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Amelioration, regeneration, acquiescent and discordant: an exploration of narrative types and metaphor use in people with aphasia

Aphasia is an acquired communication impairment that affects a person’s ability to use and understand language. The aim of this study was to explore the narrative types and metaphors expressed by people with aphasia, to enhance insight into this experience. A qualitative narrative approach using videoed semi-structured interviews was undertaken with 11 people with aphasia. The transcribed data were analysed for underlying narratives and metaphors. Four types of narratives, labelled amelioration, regeneration, acquiescent and discordant, along with 13 conceptual metaphors used by persons with aphasia to convey their stroke experiences were identified. Metaphors specific to aphasia included aphasia as a thief, aphasia as a barrier, aphasia as a gift and aphasia as enlightenment. These findings facilitate understanding of the experience of aphasia and highlight the different narratives that may be used by the individual to make sense of and respond to their aphasia.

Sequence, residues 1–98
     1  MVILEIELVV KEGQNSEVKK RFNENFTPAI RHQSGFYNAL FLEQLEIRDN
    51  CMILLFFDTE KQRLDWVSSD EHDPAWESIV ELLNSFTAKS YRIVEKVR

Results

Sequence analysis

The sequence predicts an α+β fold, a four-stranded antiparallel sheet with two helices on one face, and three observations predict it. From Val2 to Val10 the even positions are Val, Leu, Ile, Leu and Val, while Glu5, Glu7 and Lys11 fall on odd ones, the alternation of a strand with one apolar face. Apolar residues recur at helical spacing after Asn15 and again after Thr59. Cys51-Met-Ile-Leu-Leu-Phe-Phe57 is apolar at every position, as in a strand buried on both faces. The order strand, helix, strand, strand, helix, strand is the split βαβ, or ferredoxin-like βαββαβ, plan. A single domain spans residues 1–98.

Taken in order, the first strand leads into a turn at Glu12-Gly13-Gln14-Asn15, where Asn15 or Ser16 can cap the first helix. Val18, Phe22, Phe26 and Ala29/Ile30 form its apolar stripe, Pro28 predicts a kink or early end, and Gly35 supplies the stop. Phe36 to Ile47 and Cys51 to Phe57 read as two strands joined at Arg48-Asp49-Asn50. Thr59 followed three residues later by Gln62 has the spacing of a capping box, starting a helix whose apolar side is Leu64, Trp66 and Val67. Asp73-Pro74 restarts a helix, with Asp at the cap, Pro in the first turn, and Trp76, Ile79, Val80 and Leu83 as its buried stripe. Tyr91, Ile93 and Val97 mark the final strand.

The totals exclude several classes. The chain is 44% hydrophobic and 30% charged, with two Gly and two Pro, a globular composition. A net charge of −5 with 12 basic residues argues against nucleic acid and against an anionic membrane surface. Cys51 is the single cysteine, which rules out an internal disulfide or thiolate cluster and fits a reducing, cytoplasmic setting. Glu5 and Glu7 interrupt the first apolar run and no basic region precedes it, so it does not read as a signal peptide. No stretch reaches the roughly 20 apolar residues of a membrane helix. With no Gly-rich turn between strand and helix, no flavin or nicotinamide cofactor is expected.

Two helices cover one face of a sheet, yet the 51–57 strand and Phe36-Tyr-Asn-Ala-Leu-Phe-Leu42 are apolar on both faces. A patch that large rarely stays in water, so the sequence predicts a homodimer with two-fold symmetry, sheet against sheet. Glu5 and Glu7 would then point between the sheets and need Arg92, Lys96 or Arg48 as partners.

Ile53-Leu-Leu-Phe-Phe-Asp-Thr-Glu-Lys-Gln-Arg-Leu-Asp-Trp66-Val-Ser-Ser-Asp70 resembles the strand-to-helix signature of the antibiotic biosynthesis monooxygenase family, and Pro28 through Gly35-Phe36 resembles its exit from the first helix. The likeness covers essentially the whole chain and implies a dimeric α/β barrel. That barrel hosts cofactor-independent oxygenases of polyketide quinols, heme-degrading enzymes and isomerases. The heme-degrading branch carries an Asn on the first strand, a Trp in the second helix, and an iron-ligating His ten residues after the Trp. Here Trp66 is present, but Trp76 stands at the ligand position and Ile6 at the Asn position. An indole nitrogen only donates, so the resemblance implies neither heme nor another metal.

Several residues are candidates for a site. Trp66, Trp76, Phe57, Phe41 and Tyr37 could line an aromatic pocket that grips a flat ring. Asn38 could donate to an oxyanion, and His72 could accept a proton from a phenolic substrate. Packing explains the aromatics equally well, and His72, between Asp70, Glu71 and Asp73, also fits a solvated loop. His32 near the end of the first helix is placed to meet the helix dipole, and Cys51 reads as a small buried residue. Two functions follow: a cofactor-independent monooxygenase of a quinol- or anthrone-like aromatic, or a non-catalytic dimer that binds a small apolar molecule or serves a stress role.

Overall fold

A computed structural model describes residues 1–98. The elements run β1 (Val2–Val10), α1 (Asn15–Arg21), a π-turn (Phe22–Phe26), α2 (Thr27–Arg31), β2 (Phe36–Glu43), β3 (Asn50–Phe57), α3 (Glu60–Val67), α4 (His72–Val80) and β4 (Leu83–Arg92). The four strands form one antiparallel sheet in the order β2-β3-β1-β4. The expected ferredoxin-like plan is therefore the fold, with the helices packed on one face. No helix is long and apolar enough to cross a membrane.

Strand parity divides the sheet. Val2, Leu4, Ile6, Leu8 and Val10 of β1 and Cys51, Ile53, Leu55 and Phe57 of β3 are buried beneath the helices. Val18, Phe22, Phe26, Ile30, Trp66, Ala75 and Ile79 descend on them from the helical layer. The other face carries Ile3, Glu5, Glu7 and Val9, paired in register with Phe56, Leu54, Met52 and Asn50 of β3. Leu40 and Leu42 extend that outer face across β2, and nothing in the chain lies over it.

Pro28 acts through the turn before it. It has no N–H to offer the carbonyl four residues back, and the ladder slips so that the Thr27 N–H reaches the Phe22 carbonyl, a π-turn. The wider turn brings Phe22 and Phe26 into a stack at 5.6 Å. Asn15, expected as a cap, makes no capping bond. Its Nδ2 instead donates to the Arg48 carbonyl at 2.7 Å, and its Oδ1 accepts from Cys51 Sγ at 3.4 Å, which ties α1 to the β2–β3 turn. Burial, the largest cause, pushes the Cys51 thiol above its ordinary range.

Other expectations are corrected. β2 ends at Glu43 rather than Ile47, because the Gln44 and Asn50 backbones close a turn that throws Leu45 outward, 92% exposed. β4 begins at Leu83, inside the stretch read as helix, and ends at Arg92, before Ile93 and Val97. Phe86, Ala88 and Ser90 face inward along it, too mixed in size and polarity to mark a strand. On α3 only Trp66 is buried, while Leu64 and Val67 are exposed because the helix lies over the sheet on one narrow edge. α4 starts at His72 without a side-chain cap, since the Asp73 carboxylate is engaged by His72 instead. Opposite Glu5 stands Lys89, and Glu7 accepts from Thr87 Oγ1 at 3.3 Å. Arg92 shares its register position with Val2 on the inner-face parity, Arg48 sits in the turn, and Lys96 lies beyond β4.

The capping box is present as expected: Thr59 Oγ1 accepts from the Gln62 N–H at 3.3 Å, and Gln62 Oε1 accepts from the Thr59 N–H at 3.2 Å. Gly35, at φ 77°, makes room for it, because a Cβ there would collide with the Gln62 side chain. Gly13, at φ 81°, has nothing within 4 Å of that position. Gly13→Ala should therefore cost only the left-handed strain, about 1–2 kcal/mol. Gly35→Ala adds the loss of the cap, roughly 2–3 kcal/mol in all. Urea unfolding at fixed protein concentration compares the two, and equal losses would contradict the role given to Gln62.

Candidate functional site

from Disability & Society

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